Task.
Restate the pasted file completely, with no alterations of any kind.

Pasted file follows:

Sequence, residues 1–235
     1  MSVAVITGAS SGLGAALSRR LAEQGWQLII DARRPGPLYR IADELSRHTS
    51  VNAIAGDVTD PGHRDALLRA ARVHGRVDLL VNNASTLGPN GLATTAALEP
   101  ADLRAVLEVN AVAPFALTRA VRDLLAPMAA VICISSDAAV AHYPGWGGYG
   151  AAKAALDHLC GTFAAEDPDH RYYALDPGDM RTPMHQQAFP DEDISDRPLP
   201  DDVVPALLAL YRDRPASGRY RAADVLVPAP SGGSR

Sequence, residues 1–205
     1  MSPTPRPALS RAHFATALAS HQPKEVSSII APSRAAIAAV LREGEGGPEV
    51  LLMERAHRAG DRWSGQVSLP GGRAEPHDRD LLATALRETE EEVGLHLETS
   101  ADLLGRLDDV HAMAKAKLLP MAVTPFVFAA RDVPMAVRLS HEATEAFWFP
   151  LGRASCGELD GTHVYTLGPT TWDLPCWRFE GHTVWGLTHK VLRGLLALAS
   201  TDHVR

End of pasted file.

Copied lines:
Sequence, residues 1–235
     1  MSVAVITGAS SGLGAALSRR LAEQGWQLII DARRPGPLYR IADELSRHTS
    51  VNAIAGDVTD PGHRDALLRA ARVHGRVDLL VNNASTLGPN GLATTAALEP
   101  ADLRAVLEVN AVAPFALTRA VRDLLAPMAA VICISSDAAV AHYPGWGGYG
   151  AAKAALDHLC GTFAAEDPDH RYYALDPGDM RTPMHQQAFP DEDISDRPLP
   201  DDVVPALLAL YRDRPASGRY RAADVLVPAP SGGSR

Sequence, residues 1–205
     1  MSPTPRPALS RAHFATALAS HQPKEVSSII APSRAAIAAV LREGEGGPEV
    51  LLMERAHRAG DRWSGQVSLP GGRAEPHDRD LLATALRETE EEVGLHLETS
   101  ADLLGRLDDV HAMAKAKLLP MAVTPFVFAA RDVPMAVRLS HEATEAFWFP
   151  LGRASCGELD GTHVYTLGPT TWDLPCWRFE GHTVWGLTHK VLRGLLALAS
   201  TDHVR